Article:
Posted by: chuckbumgardner | September 30, 2009

Scribes and Synagogues

I recently enjoyed this short article:  Lester L. Grabbe, “Scribes and Synagogues,” in The Oxford Handbook of Biblical Studies, Oxford Handbooks in Religion and Theology (Oxford University Press, 2006), 362-71.  Some tidbits:

An interesting quote from Ben Sira:
A scholar’s wisdom comes from ample leisure; to be wise he must be relieved of other tasks. How can one become wise who guides the plough . . . whose talk is all about cattle? (34:24f)
“The position [of scribe] could vary from a rather lowly individual keeping records in a warehouse to a high minister of state whose office was an important one in the established government.”  Josephus mentions various levels: village clerks, secretary to Herod, secretary of the Sanhedrin, scribes of the temple. (365)
Grabbe suggests that the “scribes” of the NT were not an independent sect or group, but are perhaps best understood as “scribes of the Pharisees,” that is, among that particular sect (cf. Mk 2:16; Acts 23:9). (365-66)
“The ideal of public education is a modern concept. In antiquity the wealthy might hire tutors, and we know that in the Graeco-Roman world ‘sophists’ would take on pupils for payment. Greek cities also operated a ‘gymnasium’ for the training of citizens, but this was limited to the small number who qualified as citizens. In short, a system of schools for the general public was unknown.”
“No source refers to the synagogue or anything like until the third century BCE.” (367) “The earliest references to anything like synagogues in extant literature [italics added; earlier evidence was inscriptional/archaeological] are found no earlier than the first century CE.” (368)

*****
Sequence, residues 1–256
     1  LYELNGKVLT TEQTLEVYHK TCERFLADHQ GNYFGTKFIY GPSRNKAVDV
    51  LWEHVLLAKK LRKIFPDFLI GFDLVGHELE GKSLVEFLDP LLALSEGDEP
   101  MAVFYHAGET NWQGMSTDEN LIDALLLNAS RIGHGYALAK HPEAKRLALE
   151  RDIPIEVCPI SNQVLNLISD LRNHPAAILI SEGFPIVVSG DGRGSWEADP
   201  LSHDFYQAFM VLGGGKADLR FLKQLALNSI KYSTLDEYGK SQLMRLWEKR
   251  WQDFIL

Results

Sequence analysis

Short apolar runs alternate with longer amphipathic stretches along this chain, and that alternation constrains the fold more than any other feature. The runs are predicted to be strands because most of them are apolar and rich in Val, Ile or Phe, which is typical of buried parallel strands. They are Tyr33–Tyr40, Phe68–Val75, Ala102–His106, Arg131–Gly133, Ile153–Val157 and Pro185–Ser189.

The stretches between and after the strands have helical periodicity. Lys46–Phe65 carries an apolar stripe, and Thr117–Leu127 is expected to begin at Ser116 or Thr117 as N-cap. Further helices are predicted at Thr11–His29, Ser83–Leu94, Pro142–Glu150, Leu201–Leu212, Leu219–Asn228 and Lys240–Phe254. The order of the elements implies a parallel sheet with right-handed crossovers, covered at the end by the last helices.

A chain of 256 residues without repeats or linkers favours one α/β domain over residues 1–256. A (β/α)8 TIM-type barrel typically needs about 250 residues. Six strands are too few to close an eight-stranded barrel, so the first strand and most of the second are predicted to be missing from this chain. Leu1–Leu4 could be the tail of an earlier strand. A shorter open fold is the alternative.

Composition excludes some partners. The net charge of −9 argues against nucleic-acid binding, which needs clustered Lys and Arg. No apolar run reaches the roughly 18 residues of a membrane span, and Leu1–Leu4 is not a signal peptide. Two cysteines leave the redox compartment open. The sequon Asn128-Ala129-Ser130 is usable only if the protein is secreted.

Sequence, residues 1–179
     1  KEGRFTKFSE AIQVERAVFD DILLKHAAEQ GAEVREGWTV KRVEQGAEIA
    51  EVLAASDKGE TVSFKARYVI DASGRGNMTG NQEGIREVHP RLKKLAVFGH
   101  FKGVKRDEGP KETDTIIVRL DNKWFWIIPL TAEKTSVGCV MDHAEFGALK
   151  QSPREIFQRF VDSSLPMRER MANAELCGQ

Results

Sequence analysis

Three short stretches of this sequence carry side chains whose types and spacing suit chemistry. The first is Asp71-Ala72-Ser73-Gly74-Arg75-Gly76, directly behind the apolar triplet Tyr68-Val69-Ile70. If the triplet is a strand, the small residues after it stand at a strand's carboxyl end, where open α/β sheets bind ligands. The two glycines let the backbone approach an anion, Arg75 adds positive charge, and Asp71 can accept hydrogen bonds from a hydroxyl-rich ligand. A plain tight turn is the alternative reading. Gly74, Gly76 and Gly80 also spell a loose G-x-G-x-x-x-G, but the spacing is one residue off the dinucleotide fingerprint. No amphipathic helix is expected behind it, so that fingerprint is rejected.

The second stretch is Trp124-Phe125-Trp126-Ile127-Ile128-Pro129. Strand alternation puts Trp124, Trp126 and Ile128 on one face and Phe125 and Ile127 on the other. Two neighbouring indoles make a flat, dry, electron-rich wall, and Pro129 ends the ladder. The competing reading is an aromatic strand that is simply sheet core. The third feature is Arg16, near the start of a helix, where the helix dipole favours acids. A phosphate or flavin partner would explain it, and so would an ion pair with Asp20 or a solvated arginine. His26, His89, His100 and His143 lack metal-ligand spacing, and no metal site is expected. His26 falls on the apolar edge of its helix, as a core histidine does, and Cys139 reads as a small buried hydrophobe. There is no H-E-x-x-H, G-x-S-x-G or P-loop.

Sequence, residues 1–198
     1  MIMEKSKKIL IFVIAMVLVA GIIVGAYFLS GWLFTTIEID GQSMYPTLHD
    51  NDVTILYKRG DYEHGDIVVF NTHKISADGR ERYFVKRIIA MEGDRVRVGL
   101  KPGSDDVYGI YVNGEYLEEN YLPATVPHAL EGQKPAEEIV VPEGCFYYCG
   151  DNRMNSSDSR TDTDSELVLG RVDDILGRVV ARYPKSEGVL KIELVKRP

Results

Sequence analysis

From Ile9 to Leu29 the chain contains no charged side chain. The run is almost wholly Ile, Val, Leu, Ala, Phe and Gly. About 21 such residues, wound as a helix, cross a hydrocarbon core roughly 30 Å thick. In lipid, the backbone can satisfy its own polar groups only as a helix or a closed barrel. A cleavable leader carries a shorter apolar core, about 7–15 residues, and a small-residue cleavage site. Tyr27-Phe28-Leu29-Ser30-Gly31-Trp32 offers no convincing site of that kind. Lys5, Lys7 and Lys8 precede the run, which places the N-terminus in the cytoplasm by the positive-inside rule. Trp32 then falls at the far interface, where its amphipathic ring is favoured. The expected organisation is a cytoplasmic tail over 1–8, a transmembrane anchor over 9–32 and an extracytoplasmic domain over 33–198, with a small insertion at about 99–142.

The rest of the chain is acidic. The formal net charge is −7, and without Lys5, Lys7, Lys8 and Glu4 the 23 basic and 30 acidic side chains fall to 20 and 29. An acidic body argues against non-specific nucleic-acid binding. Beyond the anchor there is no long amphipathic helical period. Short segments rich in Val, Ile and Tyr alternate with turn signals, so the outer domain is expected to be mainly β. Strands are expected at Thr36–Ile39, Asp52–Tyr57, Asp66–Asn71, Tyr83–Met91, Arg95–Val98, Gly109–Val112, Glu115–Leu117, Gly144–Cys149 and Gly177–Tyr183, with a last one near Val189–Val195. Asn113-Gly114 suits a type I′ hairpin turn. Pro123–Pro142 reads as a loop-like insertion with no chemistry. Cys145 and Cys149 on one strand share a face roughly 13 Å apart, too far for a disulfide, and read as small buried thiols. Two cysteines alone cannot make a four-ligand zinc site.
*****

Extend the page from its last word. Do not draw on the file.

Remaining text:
A nice quote from Ben Sira:

A scholar’s wisdom comes from ample leisure; to be wise he must be relieved of other tasks.  How can one become wise who guides the plough . . . whose talk is all about cattle? (34:24f)

“The position [of scribe] could vary from a rather lowly individual keeping records in a warehouse to a high minister of state whose office was an important one in the established government.”  Josephus mentions various levels: village clerks, secretary to Herod, secretary of the Sanhedrin, scribes of the temple. (365)

Grabbe suggests that the “scribes” of the NT were not an independent sect or group, on par with the Pharisees, but are perhaps best understood as “scribes of the Pharisees,” that is, among that particular sect (cf. Mk 2:16; Acts 23:9). (365-66)

In discussing literacy in the NT era, Grabbe notes, “The ideal of public education is a modern concept. In antiquity the wealthy might hire tutors, and we know that in the Graeco-Roman world ‘sophists’ would take on pupils for payment. Greek cities also operated a ‘gymnasium’ for the training of citizens, but this was limited to the small number who qualified as citizens. In short, a system of schools for the general public was unknown.” (366)

“No source refers to the synagogue or anything like until the third century BCE.” (367) “The earliest references to anything like synagogues in extant literature [my italics; earlier evidence was inscriptional/archaeological] are found no earlier than the first century CE.” (368)

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